I believe that women could have made much more progress over the century and a half we have made our contributions to journalism, had we worked along male colleagues more efficiently. After all, many if not most women have only made progress, with the advice and support of male mentors and friends. Therefore, the coalition has a #HeForShe program in which we let our male colleagues help us in the program, through mentorships and advice. Though majority of mentors with the coalition are still women, that is fulfill the need of the type of applications we get. But in certain arena where our male colleagues can help, we invite them to support us in the endeavor. 

Kiran Nazish is the co-founder and director of the Coalition for Women in Journalism. The Coalition will be contributing to the SPJ Blog every first Wednesday of the month discussing topic that involve women in journalism.

If you want to learn more about how you can be involved with the International Community, you can join SPJ International on Facebook. If you are a journalist that would like to connect with other members of the the SPJ International Community, join here.

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Fixers: Who Are They and How Do They Work?

Even the most seasoned foreign correspondent will swear that their job is only possible because they’ve learned to rely on experienced, reliable local people to help them in the field. But these aren’t just ordinary people. As many of you know there is, spread across the globe a dynamic group of professionals who have dedicated their work to helping journalists and filmmakers tell their stories. They go under many monikers but are most commonly called, fixers.

As one producer recently put it, “Without fixers, we are basically just curious foreigners wandering around with expensive equipment”. It’s a sentiment that is key to accepting your limitations as an outsider and allowing local help to really get you under the skin of a subject. You can go into an area, you can know the story that you’re going to do, you may know roughly how to get it, but you’ll never be able to fully get the nuances without help. If you take the basic knowledge of the operation aside, you still need to understand the current situation, and you also need to be understood – you need to be trusted, and fixers can help with that.

“I could not do my job without the work of the local fixers I hook up with wherever I go. They are my eyes and ears. I have worked with some of the finest in the business – and to me they have as important a role in the making of our reports as I do, as the correspondent, or as the camera person or producer.” Jonathan Miller, Foreign Affairs Correspondent for the UK’s Channel 4 News.

So who are these people and what are their qualifications? There is no qualification you can do for this kind of work, no certificate or succinct career path. This disparate group of individuals will find you subjects to talk to, get them onside, apply for your permits, translate, book your cars, feed you, find you a hotel, fulfil whatever random necessities you throw at them, make sure you’re safe or get you out of trouble when you’re not. Theirs is essentially a job title with a thousand meanings whose only qualification is a singular desire to help produce stories and enough experience of your job to become one of the team.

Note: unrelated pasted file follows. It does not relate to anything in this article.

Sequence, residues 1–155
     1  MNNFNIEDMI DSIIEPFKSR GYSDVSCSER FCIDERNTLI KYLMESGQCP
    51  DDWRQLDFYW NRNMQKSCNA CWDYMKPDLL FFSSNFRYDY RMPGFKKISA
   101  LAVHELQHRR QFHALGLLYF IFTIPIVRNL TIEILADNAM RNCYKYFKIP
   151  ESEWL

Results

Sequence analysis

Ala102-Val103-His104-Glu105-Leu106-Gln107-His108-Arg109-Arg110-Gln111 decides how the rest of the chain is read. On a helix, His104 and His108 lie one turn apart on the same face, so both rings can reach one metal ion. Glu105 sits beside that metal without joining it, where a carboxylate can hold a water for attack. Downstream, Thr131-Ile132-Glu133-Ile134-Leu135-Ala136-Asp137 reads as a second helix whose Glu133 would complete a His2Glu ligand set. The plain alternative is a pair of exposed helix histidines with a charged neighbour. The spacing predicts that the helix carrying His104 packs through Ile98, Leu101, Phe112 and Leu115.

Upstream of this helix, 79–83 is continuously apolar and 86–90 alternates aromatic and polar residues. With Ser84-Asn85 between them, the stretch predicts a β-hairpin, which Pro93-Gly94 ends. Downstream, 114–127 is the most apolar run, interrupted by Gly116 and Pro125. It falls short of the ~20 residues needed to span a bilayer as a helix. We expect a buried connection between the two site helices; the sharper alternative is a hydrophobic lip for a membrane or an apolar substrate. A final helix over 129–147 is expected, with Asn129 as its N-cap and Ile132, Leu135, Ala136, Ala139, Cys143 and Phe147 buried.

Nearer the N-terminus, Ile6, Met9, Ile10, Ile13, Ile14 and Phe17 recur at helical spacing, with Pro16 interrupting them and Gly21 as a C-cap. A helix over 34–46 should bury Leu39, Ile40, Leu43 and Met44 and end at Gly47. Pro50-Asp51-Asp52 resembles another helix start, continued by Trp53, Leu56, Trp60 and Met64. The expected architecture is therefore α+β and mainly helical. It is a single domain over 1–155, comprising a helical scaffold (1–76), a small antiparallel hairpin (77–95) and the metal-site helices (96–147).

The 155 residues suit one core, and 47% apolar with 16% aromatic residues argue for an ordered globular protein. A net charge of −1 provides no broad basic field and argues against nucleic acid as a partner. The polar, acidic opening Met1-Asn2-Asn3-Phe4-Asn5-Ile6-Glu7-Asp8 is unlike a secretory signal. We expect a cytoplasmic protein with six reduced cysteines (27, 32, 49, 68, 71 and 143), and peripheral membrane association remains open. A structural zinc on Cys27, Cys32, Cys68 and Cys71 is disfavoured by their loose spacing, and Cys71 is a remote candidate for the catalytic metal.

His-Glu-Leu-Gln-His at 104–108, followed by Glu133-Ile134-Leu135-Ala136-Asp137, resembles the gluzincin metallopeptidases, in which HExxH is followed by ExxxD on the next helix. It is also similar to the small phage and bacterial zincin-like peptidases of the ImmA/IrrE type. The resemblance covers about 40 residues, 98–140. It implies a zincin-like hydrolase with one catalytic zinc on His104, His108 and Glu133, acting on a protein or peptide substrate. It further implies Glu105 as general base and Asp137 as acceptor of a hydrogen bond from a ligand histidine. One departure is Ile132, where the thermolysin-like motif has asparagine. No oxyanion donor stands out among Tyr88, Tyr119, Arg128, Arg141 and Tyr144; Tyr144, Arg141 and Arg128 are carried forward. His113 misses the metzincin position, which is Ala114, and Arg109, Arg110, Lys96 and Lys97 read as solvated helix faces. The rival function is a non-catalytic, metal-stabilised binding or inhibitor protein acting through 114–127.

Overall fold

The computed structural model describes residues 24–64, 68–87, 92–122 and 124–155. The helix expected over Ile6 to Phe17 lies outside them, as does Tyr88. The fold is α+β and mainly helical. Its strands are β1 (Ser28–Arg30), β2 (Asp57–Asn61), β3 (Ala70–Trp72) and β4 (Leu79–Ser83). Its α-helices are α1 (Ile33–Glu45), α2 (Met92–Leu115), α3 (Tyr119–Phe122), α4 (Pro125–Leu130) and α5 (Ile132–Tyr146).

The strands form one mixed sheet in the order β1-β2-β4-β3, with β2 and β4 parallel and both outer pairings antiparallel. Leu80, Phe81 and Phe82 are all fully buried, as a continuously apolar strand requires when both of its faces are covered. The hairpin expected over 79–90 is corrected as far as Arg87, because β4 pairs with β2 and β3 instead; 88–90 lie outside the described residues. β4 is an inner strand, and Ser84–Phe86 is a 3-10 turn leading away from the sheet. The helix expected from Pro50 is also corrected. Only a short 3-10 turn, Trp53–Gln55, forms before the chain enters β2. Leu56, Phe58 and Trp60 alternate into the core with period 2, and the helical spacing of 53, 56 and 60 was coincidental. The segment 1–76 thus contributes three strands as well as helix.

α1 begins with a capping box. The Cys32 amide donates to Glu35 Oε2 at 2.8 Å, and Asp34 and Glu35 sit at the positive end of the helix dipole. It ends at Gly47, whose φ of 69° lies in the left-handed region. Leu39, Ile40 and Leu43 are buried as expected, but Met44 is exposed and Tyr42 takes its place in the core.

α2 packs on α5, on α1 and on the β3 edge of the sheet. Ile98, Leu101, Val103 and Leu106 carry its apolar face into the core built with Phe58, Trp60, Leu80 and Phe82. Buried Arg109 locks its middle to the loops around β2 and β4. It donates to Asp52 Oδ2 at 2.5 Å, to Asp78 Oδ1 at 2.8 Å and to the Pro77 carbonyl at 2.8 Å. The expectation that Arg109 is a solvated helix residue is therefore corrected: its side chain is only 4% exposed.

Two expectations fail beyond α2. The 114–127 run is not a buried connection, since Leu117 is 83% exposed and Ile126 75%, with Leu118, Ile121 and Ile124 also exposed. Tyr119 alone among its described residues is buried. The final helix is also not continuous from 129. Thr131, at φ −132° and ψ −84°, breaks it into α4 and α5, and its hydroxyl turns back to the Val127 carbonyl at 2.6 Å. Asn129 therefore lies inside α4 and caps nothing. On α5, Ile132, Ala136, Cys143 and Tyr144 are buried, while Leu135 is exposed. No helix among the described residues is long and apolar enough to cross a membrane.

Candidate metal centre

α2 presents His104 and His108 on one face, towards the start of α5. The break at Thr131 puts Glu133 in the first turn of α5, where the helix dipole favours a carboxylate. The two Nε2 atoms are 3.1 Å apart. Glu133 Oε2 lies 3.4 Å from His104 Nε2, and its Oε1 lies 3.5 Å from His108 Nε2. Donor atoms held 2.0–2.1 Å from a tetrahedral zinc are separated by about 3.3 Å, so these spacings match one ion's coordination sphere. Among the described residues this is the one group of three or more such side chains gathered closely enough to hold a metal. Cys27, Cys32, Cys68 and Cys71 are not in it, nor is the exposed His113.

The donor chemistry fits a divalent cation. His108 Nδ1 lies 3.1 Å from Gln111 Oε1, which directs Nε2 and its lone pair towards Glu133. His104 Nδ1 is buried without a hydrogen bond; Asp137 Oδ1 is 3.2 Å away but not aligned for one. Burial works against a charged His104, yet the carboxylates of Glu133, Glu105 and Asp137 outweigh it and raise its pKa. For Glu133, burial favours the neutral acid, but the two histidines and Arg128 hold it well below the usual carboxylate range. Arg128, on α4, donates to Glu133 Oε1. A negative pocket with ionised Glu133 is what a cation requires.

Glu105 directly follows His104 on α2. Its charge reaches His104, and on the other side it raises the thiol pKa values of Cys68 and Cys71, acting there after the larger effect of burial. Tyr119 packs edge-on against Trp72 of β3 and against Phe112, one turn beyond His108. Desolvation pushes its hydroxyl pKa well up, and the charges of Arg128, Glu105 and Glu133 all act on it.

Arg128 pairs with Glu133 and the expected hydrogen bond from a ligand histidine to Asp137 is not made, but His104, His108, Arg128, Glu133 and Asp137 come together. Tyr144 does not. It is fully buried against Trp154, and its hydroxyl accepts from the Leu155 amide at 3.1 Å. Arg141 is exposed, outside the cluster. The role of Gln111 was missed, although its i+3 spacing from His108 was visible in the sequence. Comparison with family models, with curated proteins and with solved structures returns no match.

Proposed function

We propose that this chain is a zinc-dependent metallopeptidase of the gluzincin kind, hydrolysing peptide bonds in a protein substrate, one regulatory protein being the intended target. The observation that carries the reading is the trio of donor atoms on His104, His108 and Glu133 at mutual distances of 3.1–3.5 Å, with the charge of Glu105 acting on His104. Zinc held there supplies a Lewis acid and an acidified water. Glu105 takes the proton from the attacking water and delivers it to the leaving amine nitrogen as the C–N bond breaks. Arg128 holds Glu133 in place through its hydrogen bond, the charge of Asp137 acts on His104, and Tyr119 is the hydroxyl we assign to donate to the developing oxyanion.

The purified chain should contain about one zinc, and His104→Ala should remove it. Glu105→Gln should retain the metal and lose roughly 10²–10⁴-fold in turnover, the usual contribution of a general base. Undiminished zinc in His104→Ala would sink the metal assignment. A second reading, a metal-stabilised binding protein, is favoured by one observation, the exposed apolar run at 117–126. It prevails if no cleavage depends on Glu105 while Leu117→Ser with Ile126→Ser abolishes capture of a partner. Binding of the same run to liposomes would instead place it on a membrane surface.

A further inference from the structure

However, the many who view them in terms of translators or guides would be interested to learn that on World Fixer we have a range of professionals from all spheres including researchers, ex-cops, tour operators, producers from the world of TV, ex-Government communications officers, academics and increasingly journalists, diversifying in the face of an industry on the squeeze. It is wise when hiring someone to consider what their strengths are in relation to your work and play to that. A tour operator for example may have excellent access to remote communities whilst an ex cop will bring a different level of insight. You’ll never know for sure though unless you talk to them. There is no online solution for the perfect hook up and whilst our site endeavours to introduce you to as many fixers as possible you can’t ‘Uber-ize’ a people business of this kind if you want the best experience.

For many fixing is a logical extension of their exposure to the media industry but for some their work began through a chance meeting with a journalist, or a recommendation from a friend. The good ones have managed to turn it into a productive career.

Take Suliman Ali Zway and Osama Alfitory in Libya, for example. During the war in 2011, whilst many young men in their area headed off to join the rebels they decided that helping journalists was a better way to help the cause. As the foreign press congregated in Benghazi they made themselves available and quickly (with no formal media training of any kind) became the ‘go to guys’, earning themselves the title amongst international media as ‘The A Team’. They worked with everyone from top tier journalists like Leila Fadel at the Washington Post to small, independent reporters with equal fervour and those in the know fought over each other to book them. Eventually they were honoured with the prestigious Martin Adler prize and have now managed to forge a journalist career for themselves.

They became successful not simply because they spoke good English, or that they had great contacts but because they had a relentless work ethic and cared only about about getting the truth out – whatever that was. All the great fixers share this quality.